At some point, I get up. A little over two hours ago, at 7:58 p.m., Theodore Finch posted a video on his Facebook wall. It’s him with a guitar, sitting in what I guess is his room. His voice is good but raw, like he’s smoked too many cigarettes. He’s bent over the guitar, black hair falling in his eyes. He looks blurry, like he filmed this on his phone. The words of the song are about a guy who jumps off his school roof.
When he’s done, he says into the camera, “Violet Markey, if you’re watching this, you must still be alive. Please confirm.”
I click the video off like he can see me. I want yesterday and Theodore Finch and the bell tower to go away. As far as I’m concerned, the whole thing was a bad dream. The worst dream. The worst nightmare EVER.
I write him a private message: Please take that off your wall or edit out what you say at the end so no one else sees/hears it.
He writes back immediately: Congratulations! I deduce by your message that you’re alive! With that out of the way, I was thinking we should probably talk about what happened, especially now that we’re partners on this project. (No one will see the video but us.)
Me: I’m fine. I’d really like to drop it and forget the whole thing ever happened. (How do you know that?)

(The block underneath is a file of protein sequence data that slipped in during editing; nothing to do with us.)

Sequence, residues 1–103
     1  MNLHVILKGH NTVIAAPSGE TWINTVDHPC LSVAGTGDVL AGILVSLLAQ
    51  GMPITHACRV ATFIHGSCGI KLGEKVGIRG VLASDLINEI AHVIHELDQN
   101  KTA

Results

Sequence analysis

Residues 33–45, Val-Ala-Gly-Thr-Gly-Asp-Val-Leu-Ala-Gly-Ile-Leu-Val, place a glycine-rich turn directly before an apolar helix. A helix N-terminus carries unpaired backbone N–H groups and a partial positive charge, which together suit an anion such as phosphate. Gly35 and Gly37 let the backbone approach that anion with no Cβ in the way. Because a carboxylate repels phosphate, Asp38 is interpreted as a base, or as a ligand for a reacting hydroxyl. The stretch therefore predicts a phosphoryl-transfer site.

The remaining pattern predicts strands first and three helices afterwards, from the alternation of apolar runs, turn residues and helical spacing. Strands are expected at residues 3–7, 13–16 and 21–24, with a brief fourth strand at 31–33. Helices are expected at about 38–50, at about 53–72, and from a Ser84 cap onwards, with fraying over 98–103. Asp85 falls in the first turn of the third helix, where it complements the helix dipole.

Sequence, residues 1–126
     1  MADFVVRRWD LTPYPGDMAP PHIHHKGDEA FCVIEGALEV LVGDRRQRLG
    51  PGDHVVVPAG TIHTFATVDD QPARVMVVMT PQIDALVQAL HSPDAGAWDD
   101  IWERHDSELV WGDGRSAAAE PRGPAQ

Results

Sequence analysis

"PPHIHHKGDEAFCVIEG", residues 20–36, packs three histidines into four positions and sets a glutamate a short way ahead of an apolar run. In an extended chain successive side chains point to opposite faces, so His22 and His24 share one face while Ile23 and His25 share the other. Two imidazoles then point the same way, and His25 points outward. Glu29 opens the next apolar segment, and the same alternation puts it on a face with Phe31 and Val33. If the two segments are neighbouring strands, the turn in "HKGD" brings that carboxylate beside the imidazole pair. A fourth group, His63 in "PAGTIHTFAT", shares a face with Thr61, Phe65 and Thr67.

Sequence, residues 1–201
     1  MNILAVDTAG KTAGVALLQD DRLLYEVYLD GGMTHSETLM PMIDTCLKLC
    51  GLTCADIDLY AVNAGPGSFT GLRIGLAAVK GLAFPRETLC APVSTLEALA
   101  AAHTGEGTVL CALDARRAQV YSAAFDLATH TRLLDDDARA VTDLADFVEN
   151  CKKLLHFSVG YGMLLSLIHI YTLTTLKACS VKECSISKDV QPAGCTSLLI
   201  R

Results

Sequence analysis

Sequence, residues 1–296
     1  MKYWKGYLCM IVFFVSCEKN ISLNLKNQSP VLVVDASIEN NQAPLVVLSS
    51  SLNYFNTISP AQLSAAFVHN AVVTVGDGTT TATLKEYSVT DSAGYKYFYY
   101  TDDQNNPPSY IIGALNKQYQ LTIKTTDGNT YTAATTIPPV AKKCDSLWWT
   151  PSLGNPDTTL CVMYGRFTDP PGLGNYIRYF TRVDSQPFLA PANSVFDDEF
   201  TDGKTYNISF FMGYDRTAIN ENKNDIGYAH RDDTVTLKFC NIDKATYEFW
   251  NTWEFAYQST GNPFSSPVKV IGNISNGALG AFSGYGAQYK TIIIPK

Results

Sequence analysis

Finch: (Because I only started this page as an excuse to talk to you. Besides, now that you’ve seen it, the video will self-destruct in five seconds. Five, four, three, two …)
Finch: Please refresh the page.
The video is gone.
Finch: If you don’t want to talk on Facebook, I can just come over.
Finch: Well, technically in, like, five or ten minutes. I should get dressed first, unless you prefer me naked, and we have to allow for driving time.
Me: It’s late.
Finch: That depends on who you ask. See, I don’t necessarily think it’s late. I think it’s early. Early in our lives. Early in the night. Early in the new year. If you’re counting, you’ll notice the earlys outnumber the lates. It’s just to talk. Nothing more. It’s not like I’m hitting on you.
Finch: Unless you want me to. Hit on you, I mean.
Finch: “No” you don’t want me to come over? Or “no” you don’t want me hitting on you?
Me: Both. Either. All of the above.
Finch: Okay. We can just talk at school. Maybe across the room during geography, or I can find you at lunch. You eat with Amanda and Roamer, am I right?
Oh my God. Make it stop. Make him go away.
Me: If you come over tonight, do you promise to drop it once and for all?
Finch: Scout’s honor.
Me: Just to talk. Nothing more. And you don’t stay long.
As soon as I write it, I want to take it back. Amanda and her party are just around the corner. Anyone might come by and see him here.
Me: Are you still there?
He doesn’t answer.
Day 7 of the Awake
I climb into my mom’s old S****n VUE, better known as Little B*****d, and head to Violet Markey’s on the farm road that runs parallel to National Road, the main artery that cuts through town. I slam my foot against the gas pedal, and there’s the rush as the speedometer climbs to sixty, seventy, eighty, ninety, the needle shaking the higher it gets, the S****n doing its best in that moment to be a sports car instead of a five-year-old minivan.